Hands up if your toddler takes more than half an hour to fall asleep at bedtime (at least).
Now put the other hand up if you struggle to get them into bed in the first place.
Both hands up? Yep, me too! Now here’s the clever trick that parents have been waiting for. It’s called bedtime fading. It’s from the great minds at Flinders University. And it’s bloody brilliant.
How to stop bedtime toddler tantrums
More than two-thirds of toddlers and pre-schoolers aged 18 months to four years take more than 30 minutes to fall asleep, studies show. And around one in five take more than an hour!
And you can bet these little ones aren’t lying quietly in bed for the sleep fairy to visit and throw some sleep dust in their eyes. Oh, no. They’re jumping up and down, in and out, and making the whole bedtime process exhausting – for us parents.
And all it takes is one very simple step.
Bedtime fading – the sleep solution tired parents have been waiting for
According to the experts, bedtime fading is a technique that involves putting young children to bed while drowsy. It’s so easy, anyone can do it.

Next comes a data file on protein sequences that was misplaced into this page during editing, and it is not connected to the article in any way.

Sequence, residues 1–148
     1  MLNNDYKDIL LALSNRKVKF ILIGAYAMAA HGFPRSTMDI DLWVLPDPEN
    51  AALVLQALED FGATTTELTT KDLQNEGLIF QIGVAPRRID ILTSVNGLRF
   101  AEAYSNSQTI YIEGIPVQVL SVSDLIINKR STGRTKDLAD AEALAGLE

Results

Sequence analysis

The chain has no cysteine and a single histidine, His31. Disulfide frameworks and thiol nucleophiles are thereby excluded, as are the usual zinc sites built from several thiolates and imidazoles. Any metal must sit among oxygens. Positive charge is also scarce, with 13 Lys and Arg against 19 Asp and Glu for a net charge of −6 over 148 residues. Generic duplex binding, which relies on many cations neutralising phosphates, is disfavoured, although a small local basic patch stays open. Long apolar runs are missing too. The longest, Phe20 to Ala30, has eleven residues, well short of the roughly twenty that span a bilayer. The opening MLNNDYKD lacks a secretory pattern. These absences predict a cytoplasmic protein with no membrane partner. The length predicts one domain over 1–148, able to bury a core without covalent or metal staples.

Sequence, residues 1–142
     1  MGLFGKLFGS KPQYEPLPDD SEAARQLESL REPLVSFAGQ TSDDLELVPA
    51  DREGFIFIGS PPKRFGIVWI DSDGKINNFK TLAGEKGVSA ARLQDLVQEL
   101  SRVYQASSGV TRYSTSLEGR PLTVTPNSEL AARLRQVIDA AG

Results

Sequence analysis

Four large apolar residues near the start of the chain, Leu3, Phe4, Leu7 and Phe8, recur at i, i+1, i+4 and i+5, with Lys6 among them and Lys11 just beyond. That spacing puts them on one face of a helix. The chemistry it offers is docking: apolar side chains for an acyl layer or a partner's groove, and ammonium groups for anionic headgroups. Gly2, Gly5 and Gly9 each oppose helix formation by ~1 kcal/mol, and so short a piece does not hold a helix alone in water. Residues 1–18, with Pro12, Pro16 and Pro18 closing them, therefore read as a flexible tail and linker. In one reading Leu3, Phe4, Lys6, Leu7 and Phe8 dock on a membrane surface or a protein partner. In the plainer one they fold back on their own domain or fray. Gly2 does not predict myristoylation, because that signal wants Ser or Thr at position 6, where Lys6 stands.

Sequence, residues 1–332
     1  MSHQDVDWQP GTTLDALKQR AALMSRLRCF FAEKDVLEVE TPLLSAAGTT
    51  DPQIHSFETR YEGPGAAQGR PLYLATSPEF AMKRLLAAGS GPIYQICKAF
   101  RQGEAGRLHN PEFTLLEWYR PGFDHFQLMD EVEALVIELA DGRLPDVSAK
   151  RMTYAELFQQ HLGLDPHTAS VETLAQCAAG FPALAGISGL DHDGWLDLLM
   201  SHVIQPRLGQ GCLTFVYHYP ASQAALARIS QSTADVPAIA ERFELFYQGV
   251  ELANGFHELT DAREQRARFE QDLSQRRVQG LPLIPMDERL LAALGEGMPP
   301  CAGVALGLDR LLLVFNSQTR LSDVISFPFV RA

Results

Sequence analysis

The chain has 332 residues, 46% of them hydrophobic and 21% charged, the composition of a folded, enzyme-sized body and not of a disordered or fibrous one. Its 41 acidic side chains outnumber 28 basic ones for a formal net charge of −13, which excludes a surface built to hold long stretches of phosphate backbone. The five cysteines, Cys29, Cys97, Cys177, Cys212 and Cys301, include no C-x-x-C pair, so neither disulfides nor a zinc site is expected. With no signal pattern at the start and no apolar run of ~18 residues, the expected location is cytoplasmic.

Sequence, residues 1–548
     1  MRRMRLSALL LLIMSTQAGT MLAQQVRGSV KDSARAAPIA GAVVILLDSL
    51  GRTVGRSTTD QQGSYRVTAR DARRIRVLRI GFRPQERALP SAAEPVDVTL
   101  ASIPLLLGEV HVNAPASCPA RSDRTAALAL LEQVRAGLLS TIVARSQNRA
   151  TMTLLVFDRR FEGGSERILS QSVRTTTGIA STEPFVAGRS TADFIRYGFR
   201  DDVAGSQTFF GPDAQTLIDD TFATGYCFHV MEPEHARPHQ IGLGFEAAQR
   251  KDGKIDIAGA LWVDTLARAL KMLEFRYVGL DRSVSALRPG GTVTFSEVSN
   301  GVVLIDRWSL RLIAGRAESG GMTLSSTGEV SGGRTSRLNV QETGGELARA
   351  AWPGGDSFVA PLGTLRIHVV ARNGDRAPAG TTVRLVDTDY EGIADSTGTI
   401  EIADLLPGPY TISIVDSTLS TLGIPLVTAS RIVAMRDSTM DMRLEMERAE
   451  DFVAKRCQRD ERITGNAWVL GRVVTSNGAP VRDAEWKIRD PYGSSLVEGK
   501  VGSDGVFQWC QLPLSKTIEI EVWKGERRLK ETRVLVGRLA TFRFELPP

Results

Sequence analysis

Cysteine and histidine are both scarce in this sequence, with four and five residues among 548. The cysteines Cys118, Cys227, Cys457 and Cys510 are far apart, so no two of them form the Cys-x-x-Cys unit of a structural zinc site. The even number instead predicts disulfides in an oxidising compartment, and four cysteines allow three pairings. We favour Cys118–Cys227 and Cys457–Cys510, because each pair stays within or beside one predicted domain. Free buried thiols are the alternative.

The aim is to gradually diminish the parent’s presence over time, which kind of makes sense. I know if I make a stealth-like exit from the room when my small person is drowsy, my escape is generally easier.
Flinders University sleep psychologist Dr Michael Gradisar says that parents who have tried bedtime fading report immediate improvements.
But he says the key is to wait until the kid is actually tired before putting them to bed. Parents can start bedtime fading simply by putting their child to sleep later than normal and then gradually adjusting the bedtime according to the child’s response.
Less time awake during the night
The results of a sleep clinic trial of 21 kids with sleep issues showed a reduction in the amount of time taken to fall asleep, less time spent awake during the night, and the number of tantrums just before bedtime.
Even better, the bedtime fading study found that the improvements to each child’s sleeping woes were still there two years later.
Dr Gradisar says “parents commonly try a variety of treatments and strategies to resolve their children’s sleep problems”, including punishment or medication.
“Parents admit they are often at the end of their tether by the time they seek professional help – but behavioural solutions tend to be the best answer to sleep solutions,” he says.
So, there you have it. Got a difficult sleeper? Try waiting until they’re drowsy and give bedtime a red hot go!
I know I’ll be trying it. Better late than never, right!
While you brush up on your sleep fading technique, take a look at our hilarious guide to putting a toddler to sleep – in only 87 steps!